3D integrated circuits are strongly considered to be answer to ever-growing market demands for continuously miniaturize and improve our electronics. As we select and optimize from the currently fragmented playing field of myriad 3D integration techniques, we should see next-generation tech products with greater storage capacity, lower power requirements, more efficient thermal designs, higher brightness and more vivid displays and lighting, and faster networking throughput than ever before. For example, currently, smart watches are generally positioned in the market as fitness trackers or complementary devices to more powerful mobile devices like smart phones due to the watches’ technical limitations. With advanced 3D integration capabilities, we may finally be able to untether next-generation smart watches and have them available as more stand-alone products than they currently are.
How is Park AFM (or just AFM in general) used to advance the emerging and future technologies for 3D heterogeneous integration? Does AFM play an important role in helping advance these technologies more quickly and why?
To perform the direct surface bonding of one wafer to another (as in 3D crystallization techniques), each of the wafers need to have exceptionally smooth surfaces with roughness values below 1 nm. Atomic force microscopy plays a significant role in obtaining surface roughness measurements of silicon wafers to be used in ICS fabrication.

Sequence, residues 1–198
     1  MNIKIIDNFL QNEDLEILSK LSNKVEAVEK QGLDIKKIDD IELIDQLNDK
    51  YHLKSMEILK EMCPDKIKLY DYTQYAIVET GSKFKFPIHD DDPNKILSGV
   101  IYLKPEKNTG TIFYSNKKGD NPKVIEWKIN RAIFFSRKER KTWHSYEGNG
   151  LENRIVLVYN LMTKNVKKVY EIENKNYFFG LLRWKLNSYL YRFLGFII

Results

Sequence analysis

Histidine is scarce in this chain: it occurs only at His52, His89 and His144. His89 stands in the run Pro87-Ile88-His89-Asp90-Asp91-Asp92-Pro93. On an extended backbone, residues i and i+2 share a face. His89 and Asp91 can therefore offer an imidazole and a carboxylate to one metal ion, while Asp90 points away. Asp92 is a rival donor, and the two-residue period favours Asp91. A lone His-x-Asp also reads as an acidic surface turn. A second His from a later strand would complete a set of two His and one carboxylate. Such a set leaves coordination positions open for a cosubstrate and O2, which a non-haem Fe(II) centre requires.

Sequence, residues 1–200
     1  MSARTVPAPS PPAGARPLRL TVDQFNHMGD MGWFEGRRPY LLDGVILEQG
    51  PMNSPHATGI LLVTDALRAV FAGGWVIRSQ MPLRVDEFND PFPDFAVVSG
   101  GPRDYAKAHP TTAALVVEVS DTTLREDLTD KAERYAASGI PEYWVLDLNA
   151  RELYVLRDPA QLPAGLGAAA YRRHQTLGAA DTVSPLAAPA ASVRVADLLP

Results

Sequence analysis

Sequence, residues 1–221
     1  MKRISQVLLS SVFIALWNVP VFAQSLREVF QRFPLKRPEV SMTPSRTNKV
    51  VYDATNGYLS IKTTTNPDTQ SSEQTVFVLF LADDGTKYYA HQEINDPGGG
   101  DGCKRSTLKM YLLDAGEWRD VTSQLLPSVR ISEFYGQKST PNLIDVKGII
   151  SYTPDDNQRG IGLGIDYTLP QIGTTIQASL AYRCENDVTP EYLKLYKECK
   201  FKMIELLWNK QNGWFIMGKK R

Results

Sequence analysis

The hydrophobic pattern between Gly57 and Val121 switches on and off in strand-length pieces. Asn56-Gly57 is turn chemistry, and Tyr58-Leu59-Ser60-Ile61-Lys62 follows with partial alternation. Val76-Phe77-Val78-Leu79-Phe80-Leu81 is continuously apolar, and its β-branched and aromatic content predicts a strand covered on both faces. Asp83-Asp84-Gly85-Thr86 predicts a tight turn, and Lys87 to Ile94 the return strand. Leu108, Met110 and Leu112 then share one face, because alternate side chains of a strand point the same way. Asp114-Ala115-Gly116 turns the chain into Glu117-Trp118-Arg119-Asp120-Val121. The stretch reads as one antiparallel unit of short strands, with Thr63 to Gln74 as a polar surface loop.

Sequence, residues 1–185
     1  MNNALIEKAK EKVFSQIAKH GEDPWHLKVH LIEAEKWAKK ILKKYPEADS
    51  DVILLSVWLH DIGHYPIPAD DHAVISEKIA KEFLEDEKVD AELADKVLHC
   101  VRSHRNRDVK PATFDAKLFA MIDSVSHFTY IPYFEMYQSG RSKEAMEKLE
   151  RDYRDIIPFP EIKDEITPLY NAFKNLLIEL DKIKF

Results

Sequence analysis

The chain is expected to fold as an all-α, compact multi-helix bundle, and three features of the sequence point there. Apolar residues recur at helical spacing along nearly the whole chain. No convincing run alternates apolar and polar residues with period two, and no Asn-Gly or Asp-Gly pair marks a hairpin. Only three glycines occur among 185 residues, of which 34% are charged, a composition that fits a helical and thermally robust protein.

Prof. Saraswat, the Rickey/Nielsen Professor in the School of Engineering at Stanford University gave an informational talk entitled, “Real Limits to Nanoelectronics: Interconnects and Contacts” to a standing room only crowd at the Park Systems Semicon West AFM luncheon July 11, 2017 about future high performance chips, the latest technology for optical interconnects and other interconnect innovations.
His research currently investigates new device structures to continue scaling MOST transistors, DRAMs and flash memories to the nanometer regime, 3-dimensional ICs with multiple layers of heterogeneous devices, metal and optical interconnections, and high efficiency and low cost solar cells.
REAL LIMITS TO NANOELECTRONICS: INTERCONNECTS AND CONTACTS
Modern electronics has advanced at a tremendous pace over the course of the last half century primarily due to enhanced performance of MOS transistors due to dimension scaling. Silicon bulk CMOS dominated the microelectronics industry in the past. However, future Si technology is reaching practical and fundamental limits. To go beyond these limits FinFETs have been introduced and novel device structures like surround gate FETs, TunnelFETs, etc. and potentially higher performance material like Ge, III-Vs, carbon nanotubes and 2D materials are being aggressively studied.